Monday, January 30, 2012

"God made rain, but the devil perfected mud!"

 aka Ol' Dry Diggins, but not always!
Finishing his story, Uncle Mark tended the mules, and then heated a blanket for himself and retired upstairs.  I was left to sit up with Lidge and keep the heater stoked.  Outside the storm continued.  The sleet came down fitfully against the window, and periodically a gust of wind would find its way down the stovepipe and the old cast iron heater would belch smoke from around its’ damper and its’ red hot lid.  After a while the rough plank roof began dripping and leaking like a sieve, and one by one a strategically placed company of pots and kettles joined in a chorus of plops, plinks, and piddles, as they filled quickly with their captured leakage and began to splash rhythmically on the rip sawn floor.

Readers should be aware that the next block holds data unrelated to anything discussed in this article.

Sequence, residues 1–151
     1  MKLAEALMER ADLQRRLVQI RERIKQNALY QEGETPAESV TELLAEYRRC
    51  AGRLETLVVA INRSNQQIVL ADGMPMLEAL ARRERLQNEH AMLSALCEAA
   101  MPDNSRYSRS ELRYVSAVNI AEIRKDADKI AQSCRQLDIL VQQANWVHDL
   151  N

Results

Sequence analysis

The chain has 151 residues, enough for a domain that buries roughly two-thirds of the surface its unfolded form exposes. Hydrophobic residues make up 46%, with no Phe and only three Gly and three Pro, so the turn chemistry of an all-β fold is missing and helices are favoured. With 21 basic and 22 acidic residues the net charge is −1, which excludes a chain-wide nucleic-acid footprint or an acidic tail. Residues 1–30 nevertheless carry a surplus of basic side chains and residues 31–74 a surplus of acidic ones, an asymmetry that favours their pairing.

Around two o’clock in the morning, I stoked the fire and reheated Lidge’s brick.  Lidge was resting peacefully, but his face was still hot and he was sweating profusely.  I dried his face and adjusted his blankets.  Clearing a spot on the frosted window I squinted and peered outside.  The storm was relenting and I began to see some stars.  I warmed a blanket for myself, kicked back in my chair and leaned against the wall.  I remember watching the firelight from the damper, dancing on the wall behind the stove, and then the cobwebs came and the darkness took me in.  OBIE’S QUEST   

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